Practice social distancing, but do not isolate yourself fully
Social distancing does not mean isolating ourselves from witnessing the effects of COVID-19 on our community. To help ensure your community does not fall into biased behavior, we all must connect with others. YW Boston staff, for instance, has been utilizing our office’s digital chat features to check in with each other and continue weekly employee activities, such as Friday Lunch & Learns, virtually. This is a time to invest in each other’s well-being as well as our own. In fact, many of us are referring to social distancing as ‘physical distancing,’ to be clear that we are not halting our social responsibilities to one another.
People are volunteering to buy groceries for immunocompromised individuals and many funds have been created to support industry workers with now-unreliable pay. You don’t have to step outside to provide support during this time. Our LeadBoston alumni network is currently sharing resources and will hold a video-chat discussion about how to support Greater Boston’s needs. Consider setting up a similar discussion with groups your own. You can also find resources and community with the Neighborhood Aid Network, which is connecting people across Massachusetts who need help with those who can provide it.
We can all be diligent about stopping the racism we see as some individuals ‘other’ people not like themselves, such as the racist attacks against Asian Americans. To combat this, we must share up-to-date, valid information and intervene if we witness verbal or physical assaults. We must also put an end to coded language that refers to COVID-19 as the “Chinese virus” because this only fuels bigotry and does nothing to ensure people’s safety.
One meaningful way you can engage your community against racism is to engage them in conversation. We are all facing hardships right now, but they vary from person to person. Engage people so that they can learn from one another or learn about issues beyond their scope. Facing History has created an excellent resource on speaking with young people about COVID-19 and racism, which can be adapted for people of any age. We can also be reaching out to those who may be exhibiting prejudiced behavior or hoarding, as they are likely responding to COVID-19 fears in unhelpful ways. By having open conversations about COVID-19 and all of the associated disparities, individuals will be more likely to band together and take collective action to curb inequitable outcomes.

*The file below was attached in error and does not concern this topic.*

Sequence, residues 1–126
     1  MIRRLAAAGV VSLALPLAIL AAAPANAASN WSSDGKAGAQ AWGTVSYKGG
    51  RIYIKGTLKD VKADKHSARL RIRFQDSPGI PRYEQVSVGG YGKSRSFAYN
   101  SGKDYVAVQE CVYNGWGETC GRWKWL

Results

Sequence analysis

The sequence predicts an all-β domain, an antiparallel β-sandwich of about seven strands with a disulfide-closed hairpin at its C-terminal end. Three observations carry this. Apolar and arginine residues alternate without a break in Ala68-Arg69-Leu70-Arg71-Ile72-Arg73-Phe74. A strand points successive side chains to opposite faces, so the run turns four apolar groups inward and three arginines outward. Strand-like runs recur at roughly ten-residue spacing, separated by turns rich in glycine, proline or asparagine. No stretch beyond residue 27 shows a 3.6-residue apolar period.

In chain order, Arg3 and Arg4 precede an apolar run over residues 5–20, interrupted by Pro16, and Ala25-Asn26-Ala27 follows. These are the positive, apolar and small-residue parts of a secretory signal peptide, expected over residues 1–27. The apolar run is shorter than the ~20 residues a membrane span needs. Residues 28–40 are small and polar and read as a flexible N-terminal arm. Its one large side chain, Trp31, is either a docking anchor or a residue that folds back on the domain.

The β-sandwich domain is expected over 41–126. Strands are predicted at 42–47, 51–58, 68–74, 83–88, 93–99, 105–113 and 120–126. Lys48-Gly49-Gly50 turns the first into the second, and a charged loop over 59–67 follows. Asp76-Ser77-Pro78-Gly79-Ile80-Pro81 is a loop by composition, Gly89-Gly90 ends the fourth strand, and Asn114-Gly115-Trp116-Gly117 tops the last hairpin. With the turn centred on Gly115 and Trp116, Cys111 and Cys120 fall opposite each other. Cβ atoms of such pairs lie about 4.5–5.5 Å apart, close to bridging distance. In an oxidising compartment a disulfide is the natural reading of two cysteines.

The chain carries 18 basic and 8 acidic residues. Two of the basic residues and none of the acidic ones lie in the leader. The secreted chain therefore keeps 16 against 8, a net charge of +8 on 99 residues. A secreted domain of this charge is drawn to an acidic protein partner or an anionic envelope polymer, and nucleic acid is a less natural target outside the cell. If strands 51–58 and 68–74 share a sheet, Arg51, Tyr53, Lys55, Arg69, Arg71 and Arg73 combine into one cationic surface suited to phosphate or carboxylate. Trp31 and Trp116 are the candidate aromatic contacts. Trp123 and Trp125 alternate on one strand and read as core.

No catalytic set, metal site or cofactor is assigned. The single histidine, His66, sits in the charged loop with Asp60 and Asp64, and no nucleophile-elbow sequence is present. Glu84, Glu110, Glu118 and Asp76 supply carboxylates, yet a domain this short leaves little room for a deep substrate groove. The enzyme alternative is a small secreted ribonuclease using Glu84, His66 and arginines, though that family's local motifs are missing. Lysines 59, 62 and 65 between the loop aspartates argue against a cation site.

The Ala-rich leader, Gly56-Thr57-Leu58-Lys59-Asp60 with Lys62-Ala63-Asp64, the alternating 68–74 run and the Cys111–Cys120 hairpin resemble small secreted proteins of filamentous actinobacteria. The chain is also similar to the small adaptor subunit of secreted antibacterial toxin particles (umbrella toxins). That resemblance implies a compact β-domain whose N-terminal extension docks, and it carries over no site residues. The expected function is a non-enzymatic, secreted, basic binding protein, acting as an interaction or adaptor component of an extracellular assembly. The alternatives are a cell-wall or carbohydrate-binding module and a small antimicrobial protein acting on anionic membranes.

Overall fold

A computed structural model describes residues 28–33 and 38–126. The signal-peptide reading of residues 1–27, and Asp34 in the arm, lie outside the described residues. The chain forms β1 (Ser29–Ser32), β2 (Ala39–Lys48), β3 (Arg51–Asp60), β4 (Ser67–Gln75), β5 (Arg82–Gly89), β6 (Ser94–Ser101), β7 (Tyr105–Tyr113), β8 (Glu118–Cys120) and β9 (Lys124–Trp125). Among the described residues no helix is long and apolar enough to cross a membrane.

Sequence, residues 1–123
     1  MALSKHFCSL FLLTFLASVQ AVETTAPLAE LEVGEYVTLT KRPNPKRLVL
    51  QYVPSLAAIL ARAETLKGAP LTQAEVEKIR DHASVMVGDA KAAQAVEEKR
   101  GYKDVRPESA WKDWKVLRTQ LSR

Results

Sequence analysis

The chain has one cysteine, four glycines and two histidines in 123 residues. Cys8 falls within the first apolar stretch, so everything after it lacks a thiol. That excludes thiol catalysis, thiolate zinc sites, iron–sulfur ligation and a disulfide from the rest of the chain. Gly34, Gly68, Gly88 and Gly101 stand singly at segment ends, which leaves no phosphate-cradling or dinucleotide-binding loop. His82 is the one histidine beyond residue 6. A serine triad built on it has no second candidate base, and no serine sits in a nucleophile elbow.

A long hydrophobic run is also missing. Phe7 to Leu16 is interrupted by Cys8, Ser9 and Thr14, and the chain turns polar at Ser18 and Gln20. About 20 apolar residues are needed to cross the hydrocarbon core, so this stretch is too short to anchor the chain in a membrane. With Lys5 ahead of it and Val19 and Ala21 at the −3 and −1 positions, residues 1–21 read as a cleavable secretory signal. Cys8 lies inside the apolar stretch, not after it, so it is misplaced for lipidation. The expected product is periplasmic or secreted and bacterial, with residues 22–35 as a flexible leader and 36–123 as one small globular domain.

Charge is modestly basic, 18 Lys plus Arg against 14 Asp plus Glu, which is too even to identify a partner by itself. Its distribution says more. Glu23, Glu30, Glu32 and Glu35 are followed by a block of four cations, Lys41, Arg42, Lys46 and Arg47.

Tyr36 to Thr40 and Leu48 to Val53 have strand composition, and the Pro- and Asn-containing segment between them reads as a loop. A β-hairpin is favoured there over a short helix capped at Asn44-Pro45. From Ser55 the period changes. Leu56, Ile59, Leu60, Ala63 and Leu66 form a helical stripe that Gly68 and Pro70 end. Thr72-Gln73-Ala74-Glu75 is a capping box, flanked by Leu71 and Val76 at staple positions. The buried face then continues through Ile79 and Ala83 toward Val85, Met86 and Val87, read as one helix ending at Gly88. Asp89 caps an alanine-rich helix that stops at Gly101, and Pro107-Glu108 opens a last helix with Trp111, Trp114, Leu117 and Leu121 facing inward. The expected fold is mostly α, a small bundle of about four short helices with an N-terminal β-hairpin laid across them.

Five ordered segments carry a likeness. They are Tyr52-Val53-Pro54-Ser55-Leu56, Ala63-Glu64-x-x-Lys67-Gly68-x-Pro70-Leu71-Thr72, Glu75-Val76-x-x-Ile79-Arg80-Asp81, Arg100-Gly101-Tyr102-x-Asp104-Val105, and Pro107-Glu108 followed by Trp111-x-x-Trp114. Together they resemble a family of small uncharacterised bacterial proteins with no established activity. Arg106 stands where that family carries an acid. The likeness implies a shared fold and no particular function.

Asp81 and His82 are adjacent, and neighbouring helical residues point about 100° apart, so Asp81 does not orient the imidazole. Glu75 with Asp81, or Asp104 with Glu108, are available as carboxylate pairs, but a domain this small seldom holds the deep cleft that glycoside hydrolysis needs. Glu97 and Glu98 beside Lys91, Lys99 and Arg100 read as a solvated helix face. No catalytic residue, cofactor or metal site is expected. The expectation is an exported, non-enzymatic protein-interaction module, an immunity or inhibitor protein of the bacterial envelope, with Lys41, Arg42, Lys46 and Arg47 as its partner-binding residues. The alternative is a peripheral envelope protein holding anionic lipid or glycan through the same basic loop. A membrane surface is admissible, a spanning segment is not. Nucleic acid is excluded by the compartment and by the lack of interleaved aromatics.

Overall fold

One way to engage with your community: Stand Against Racism
To help you begin these conversations, we invite each of you to take part in our virtual Stand Against Racism campaign. Each April, YW Boston hosts the Stand Against Racism campaign, inspiring individuals, communities, and workplaces to take action to eliminate racism in Boston. The two main ways people can join are (1) by signing a digital pledge board, which asks participants what they will do to advance racial equity and (2) hosting conversations about race and racism based on content chosen by our guest curators.
We know that the important conversations this campaign inspires cannot wait, and that these conversations can help us build community and combat feelings of isolation. For this reason, YW Boston’s 2020 Stand Against Racism campaign will be taking place online.
Learn more and sign up on our Stand Against Racism registration page. I hope that you find this campaign to be a resource to your community as we work through these difficult times together.
About YW Boston
As the first YWCA in the nation, YW Boston has been at the forefront of advancing equity for over 150 years. Through our DE&I services—InclusionBoston and LeadBoston—as well as our advocacy work and youth programming, we help individuals and organizations change policies, practices, attitudes, and behaviors with a goal of creating more inclusive environments where women, people of color, and especially women of color can succeed.